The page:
The chants had started for Raptors 905 point guard Kaza Keane in the locker room while being interviewed postgame after a 111-100 win against the Texas Legends (7-9) at the Hershey Centre, and it came from former U SPORTS rival and now teammate Aaron Best.
“Kaza, Kaza, Kaza,” Best chanted in a whisper.
It’s safe to say those chants were warranted, especially after finishing one rebound shy of a triple double and setting a franchise record in assists.
“Kaza’s growing as a point guard in understanding where everybody else is supposed to be,” 905 head coach Jerry Stackhouse said. “In the first few weeks, he was trying to figure out where he was supposed to be in.”
Keane finished with 13 points, nine rebounds and 15 assists, as the Raptors 905 dished out 31 assists for the game, their second highest total of the season.
The All-Canadian starting backcourt of Keane and Best combined for 23 points, 16 rebounds and 18 assists and each finished with a +20. Best finished with 10 points and seven rebounds.
“The best defender that we have on the team is Best. He’s just always in the right spot, always doing the right things,” Stackhouse said.
“No matter where you come from, it’s next man up,” 905 forward Malcolm Miller said. “We believe in them, we got our trust in them and we expect them to make plays.”
The win also snapped a four game losing streak for the 905 (5-9). They used a 27-17 edge in the fourth quarter to pull away and overcome a discrepancy from the free throw line (19-10) and foul trouble (22-13).
“I thought we couldn’t play without fouling them in the first half but in the second half, we got our hands back and contested hard and did a much better job,” Stackhouse said.
The Raptors 905 were looking for any sort of offensive rhythm, averaging just 96.3 ppg. on the season. They sure did find an offensive rhythm as they shot 50 per cent from the field and hit 11 triples. The 905 also outpaced the Legends in rebounding (55-37), points in the paint (64-44), second chance points (22-7), and limited Texas to just 39.6 per cent shooting from the floor.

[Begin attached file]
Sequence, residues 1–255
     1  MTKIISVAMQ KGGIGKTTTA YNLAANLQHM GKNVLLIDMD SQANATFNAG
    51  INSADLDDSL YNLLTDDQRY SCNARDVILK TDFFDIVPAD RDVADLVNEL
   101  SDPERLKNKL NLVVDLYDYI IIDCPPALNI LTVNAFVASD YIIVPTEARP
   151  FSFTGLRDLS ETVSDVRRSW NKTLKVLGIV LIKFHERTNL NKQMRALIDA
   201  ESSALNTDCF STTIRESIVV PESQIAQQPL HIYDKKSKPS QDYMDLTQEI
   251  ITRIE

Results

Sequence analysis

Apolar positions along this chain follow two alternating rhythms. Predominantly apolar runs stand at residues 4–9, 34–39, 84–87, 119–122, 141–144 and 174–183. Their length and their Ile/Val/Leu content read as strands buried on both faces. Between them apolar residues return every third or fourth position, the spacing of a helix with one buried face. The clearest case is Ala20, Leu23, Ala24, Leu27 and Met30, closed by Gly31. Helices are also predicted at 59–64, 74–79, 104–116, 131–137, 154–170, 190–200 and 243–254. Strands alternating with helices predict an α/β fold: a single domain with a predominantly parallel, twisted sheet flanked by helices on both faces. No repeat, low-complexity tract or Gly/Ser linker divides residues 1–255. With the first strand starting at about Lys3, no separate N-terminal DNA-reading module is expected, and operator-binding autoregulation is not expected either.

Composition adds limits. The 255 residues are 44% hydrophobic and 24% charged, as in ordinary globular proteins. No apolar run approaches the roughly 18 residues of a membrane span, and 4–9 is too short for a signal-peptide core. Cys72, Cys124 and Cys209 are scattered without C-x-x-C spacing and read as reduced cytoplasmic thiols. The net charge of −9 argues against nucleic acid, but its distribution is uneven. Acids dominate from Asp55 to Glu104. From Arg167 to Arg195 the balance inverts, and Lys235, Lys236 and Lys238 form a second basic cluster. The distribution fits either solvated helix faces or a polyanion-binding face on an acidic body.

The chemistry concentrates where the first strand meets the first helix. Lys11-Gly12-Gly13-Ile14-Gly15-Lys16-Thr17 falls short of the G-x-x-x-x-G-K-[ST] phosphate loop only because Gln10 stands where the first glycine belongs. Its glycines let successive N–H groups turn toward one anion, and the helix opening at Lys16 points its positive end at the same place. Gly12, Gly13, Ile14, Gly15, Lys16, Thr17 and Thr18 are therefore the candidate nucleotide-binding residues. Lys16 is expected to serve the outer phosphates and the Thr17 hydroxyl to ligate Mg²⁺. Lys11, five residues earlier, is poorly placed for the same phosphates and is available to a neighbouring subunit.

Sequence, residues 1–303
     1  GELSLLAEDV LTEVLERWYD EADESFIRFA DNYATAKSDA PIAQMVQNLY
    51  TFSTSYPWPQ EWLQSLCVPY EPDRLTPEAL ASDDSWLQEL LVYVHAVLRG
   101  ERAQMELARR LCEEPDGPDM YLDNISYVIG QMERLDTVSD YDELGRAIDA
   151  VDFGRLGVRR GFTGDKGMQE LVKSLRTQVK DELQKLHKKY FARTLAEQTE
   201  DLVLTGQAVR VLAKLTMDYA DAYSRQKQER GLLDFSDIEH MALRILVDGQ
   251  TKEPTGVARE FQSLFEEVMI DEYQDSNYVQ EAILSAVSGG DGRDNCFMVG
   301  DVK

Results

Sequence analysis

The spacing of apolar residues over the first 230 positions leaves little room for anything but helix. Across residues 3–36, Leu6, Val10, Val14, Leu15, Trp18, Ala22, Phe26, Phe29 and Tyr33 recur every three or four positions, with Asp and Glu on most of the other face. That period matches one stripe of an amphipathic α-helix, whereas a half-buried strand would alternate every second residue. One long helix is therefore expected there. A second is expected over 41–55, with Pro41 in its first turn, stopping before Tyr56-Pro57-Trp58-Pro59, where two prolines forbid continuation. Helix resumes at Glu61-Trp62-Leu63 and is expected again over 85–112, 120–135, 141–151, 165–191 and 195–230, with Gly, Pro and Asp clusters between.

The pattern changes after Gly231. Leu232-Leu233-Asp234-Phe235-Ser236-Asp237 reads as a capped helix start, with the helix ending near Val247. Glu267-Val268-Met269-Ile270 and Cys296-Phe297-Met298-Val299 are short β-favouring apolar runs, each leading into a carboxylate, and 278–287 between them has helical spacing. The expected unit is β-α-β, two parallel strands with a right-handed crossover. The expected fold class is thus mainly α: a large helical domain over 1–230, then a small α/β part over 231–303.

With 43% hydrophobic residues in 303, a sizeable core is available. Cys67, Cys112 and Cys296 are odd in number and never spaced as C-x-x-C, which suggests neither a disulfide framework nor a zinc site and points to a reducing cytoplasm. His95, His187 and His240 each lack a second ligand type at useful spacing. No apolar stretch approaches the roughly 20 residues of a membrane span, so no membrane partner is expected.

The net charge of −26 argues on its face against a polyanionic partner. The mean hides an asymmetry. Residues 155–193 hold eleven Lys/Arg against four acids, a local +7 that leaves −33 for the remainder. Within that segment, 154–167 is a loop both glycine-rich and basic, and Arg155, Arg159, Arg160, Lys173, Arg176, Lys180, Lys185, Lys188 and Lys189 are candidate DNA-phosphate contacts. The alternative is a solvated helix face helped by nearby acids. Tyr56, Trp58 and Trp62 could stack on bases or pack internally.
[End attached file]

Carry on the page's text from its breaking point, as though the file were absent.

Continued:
Bruno Caboclo led all scorers with 24 points, 17 of them coming in the second half despite early foul trouble. He also finished with a team high 10 rebounds.
“I thought he was active defensively and was active on the offensive boards, rebounding for us,” Stackhouse said.
Miller had 18 while Kennedy Meeks had 12 and Shevon Thompson scored in double figures in his fifth straight appearance, with 11 off the bench.
Jameel Warney led Texas with 22 points while Kyle Collinsworth finished one assist shy of a triple double with 17 points, 10 rebounds, and nine assists. Leading G-League scorer Justin Dentmon had 16 points but made only five out of 14 shots from the field.
Foul trouble reared its ugly head for Caboclo and Thompson as they each picked up two fouls in the first quarter. With Caboclo on the bench and the 905 up 17-13, the Legends went on a 16-9 run to close the quarter as they took a 29-26 lead after one. Caboclo led the 905 with seven points in the opening stanza while Dentmon led all scorers with 10 in the quarter.